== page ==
Now, as the less prestigious jobs in government – clerks, administrators, or “grunts”--are being emptied of willing workers, who graduated from the freedom schools and so quit their government jobs, who is going to launder those uniforms and polish those squad cars and deliver those pay packets? Nobody. And what is going to happen to the self-esteem and job satisfaction of our typical happy cop when that takes place? Will he be happy any longer?
Suppose further that the shunning extends to where he shops; what if the sign goes up “No government employees will be served.” It has already begun! This month, NYC Mayor Bloomberg himself ordered a second slice at Collegno's Pizzeria and was refused. Dunkin Donuts may be the last to do this, but not even happy cops can live by doughnuts alone. And what if (as will certainly be the case, the nearer we approach E-Day) those stores decline to accept government paper--very probably in hyperinflationary free-fall--but insist on real money? Government employees, if their pay is delivered at all, will be receiving it only in fiat form, for sure. So how will they buy groceries? Not so happy, now.
In the case of the actual police – the teeth in the statist monster – there will be an additional, major incentive to quit in that the people a cop bullies and arrests will no longer be afraid – for prosecutors will be short of clerical staff. And what if the court has no janitors? And how will compliant juries be assembled, when 50% of the pool will decline to vote to convict victimless criminals? How will government laws be enforced? And when laws become unenforcible, how many will pay them heed? Thus, in addition to being unpopular and unsupported by ancillary staff, the once-happy cop will lose the core of his job satisfaction: the power to intimidate people of a quality vastly superior to his own.
There's more. At just the same time as the shine is being taken off working for government, each person in the residual rump will be “snowed” by invitations from his friends--plural--to consider the ideas in the freedom school. As I found when writing the later chapters in Transition to Liberty, the frequency--the intensity!--of those invitations will increase exponentially; for the final few, they will be arriving hourly, because at the very time the rump is shrinking, the number eager to enlighten them will be maximizing. No force will be applied, of course, none will be needed. But it will be one stubborn government cookie, who can resist such peer pressure.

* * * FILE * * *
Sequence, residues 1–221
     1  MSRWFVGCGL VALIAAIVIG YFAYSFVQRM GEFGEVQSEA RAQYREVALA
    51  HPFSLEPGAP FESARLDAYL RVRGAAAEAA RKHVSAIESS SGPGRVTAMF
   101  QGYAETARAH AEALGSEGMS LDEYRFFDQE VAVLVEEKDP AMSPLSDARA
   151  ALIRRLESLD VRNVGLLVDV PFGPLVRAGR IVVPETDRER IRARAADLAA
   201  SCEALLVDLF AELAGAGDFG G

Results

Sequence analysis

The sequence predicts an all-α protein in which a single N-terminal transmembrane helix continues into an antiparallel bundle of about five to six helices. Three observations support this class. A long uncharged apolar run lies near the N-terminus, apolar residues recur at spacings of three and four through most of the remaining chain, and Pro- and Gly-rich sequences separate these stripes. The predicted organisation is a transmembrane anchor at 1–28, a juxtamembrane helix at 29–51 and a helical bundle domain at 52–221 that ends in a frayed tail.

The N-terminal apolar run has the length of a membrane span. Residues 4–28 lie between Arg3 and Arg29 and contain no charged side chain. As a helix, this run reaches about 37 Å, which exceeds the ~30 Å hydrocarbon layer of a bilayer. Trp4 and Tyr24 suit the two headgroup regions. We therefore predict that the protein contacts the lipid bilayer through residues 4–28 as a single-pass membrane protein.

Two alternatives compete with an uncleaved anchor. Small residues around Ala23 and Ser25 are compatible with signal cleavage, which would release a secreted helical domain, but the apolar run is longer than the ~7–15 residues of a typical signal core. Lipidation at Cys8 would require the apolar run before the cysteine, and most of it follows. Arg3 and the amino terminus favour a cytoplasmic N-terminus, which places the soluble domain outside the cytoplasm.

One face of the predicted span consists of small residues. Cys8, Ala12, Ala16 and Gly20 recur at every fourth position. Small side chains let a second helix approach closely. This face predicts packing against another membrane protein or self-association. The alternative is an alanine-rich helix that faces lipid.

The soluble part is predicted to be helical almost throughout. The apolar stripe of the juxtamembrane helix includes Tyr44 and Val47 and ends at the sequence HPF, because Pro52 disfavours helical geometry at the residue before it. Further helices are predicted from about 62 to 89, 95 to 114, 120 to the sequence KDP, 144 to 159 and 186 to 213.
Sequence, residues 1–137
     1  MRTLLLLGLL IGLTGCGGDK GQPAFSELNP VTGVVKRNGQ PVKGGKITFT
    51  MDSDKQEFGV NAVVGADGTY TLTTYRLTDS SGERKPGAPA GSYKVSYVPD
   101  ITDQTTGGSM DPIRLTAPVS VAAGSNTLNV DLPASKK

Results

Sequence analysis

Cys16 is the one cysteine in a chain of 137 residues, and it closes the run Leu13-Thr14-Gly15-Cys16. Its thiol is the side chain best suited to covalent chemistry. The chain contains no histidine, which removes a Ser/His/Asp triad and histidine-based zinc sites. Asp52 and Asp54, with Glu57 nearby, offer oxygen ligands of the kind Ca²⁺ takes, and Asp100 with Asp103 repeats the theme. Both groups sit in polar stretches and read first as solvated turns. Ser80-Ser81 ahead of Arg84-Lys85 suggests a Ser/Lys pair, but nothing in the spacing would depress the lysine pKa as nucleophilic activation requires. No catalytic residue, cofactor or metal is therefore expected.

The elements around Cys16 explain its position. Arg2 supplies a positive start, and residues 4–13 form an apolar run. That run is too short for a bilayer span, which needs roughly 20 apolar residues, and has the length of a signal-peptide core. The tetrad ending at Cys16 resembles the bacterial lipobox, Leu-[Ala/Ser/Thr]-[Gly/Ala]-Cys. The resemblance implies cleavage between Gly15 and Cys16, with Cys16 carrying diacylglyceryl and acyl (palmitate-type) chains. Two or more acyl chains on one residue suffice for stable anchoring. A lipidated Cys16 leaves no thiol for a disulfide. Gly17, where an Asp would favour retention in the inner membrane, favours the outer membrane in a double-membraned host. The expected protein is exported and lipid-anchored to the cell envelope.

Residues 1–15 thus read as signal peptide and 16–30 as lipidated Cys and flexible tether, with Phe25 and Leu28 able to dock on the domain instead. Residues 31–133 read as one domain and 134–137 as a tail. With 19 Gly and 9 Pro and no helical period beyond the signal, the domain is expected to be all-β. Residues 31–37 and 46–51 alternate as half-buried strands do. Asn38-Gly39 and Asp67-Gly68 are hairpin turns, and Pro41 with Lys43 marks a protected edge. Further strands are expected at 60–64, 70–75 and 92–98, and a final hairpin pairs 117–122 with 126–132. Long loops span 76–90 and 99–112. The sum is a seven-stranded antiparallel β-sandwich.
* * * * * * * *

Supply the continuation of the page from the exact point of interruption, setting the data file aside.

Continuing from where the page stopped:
Some will, even so--the top crust, mentioned above. They will continue to bark orders, but in the end the only response will be an echo. The grunts will all have walked off the job, leaving the generals in charge of empty offices. They have so absorbed the government myth, they will never let it go. Some will leap off high buildings; others may have the wit, as some top Nazis did in 1945, to acquire gold and squirrel it away, perhaps in some country not yet on its way to ending its own government. They will, in other words, exile themselves.
And yes, there will be a few who refuse or neglect to open their minds to the reasoning in the freedom schools, yet who will not emigrate, but rather stay put and sulk. So long as they do not aggress (that is, express their belief in force by acting forcefully) they will survive, nobody will harm them. And if they do aggress, the justice industry will handle them; their presumed existence is a key reason why a justice industry will find a market.
Today, government workers and supporters imagine they are getting a net benefit from the system as it is--that's why a large majority, at any one time, decline our invitations to take a look at ideas of liberty. No matter. Each of us knows a couple of hundred people. Eventually one of them accepts, and one (per year) is all we need. Next year, some of those who refused will reconsider; for everyone changes with time. And towards the end of the process, when those perceived net benefits are disappearing before their eyes, the rump will rush to get aboard the train before it leaves the station--and with nary a firearm in sight. What an exciting few years they will be!